Definition: stimulate interest in; cause to act in a particular way
Myth: "Motivation will magically appear and then I'll feel like doing it."
Reality: Action builds the desire to do more.
Definition: to defer action, due to intentional choice or difficulty in starting.
Myth: "I work better under pressure"
Reality: They only work under pressure, and it increases their stress level.
1. Set realistic goals: break large projects into smaller steps. See the Time Management Matrix for strategies on prioritizing goals and activities.
2. Think about how the current activity fits in with your long-term plan, to help prioritize. Visit Career Services if your courses and goals really don't align.
3. Engage: Act as if the topic or activity interests you. Discuss 1 idea after class with a friend. Put equal time and effort into activities of similar priority.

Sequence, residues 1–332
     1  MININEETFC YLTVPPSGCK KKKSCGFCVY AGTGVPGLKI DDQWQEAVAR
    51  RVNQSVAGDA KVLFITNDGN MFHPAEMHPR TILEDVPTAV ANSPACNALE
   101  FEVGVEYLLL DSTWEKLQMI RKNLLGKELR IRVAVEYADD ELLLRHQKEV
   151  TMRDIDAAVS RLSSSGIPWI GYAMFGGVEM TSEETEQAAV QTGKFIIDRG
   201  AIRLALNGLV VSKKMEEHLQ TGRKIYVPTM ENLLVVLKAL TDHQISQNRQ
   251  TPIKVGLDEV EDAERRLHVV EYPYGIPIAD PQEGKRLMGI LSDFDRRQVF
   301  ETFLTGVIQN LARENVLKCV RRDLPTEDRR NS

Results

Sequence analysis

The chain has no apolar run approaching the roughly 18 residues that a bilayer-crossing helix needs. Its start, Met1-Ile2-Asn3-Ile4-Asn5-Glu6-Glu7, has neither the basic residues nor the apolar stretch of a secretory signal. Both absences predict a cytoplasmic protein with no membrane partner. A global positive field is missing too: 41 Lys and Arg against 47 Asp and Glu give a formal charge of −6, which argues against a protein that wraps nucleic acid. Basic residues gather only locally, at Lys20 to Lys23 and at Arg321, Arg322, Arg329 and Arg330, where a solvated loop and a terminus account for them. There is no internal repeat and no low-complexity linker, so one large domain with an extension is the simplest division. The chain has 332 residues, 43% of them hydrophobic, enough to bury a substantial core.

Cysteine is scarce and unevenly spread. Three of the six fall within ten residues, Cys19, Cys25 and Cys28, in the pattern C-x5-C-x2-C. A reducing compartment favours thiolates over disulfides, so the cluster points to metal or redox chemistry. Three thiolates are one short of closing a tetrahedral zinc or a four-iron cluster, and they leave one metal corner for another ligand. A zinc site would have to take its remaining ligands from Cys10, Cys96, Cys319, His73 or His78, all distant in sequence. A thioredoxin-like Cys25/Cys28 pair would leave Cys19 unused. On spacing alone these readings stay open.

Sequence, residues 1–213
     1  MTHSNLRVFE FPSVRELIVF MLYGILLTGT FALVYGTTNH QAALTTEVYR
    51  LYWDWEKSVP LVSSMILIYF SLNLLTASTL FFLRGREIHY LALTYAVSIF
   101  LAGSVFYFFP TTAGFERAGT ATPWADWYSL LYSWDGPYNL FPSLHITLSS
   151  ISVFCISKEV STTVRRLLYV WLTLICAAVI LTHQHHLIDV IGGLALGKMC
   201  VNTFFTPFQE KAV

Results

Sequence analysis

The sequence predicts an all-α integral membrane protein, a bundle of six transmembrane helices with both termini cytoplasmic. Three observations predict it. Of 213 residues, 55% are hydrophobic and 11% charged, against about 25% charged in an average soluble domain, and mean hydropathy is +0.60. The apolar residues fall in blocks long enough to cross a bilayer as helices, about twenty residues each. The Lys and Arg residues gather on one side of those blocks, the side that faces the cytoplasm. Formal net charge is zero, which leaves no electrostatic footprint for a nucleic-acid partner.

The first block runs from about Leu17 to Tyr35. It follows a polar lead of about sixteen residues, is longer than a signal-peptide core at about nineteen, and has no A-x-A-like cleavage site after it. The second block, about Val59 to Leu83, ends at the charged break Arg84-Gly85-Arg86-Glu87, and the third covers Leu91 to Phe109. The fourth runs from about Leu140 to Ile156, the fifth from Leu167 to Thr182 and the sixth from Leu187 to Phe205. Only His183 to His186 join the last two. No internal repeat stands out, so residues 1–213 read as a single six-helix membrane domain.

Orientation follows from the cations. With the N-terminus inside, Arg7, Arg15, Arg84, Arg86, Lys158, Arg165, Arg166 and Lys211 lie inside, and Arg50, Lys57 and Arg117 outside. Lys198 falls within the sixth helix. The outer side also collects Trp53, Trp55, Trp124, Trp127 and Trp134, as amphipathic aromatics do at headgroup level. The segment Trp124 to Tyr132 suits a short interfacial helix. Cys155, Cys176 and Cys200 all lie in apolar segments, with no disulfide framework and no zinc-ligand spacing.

4. Use the Pleasure-Pain Principle to evaluate the costs of doing or avoiding something. Make a choice, and accept the consequence.
5. Create a Weekly Schedule or To Do list that includes time for exercise, social activity, and relaxation after you've worked. Or use a daily List of Accomplishments to record your positive activity.
6. To "kick start" work, use the "5 More Rule". Commit to 5 minutes, or 5 pages of reading, or 5 sentences to write; just do it √; ask yourself "5 more? Stop now?"
7. Hang out, or form study groups, with motivated and engaged students.
8. Turn up the pressure, by setting several small deadlines to finish before the due date.
9. Watch for the "downward spiral" of falling behind, missing class, getting discouraged. Talk to your professor, TA, learning strategist, or friend for help.
10. Remove distractions, rather than fight temptation.
11. Try one strategy described on the Manufacturing Motivation page.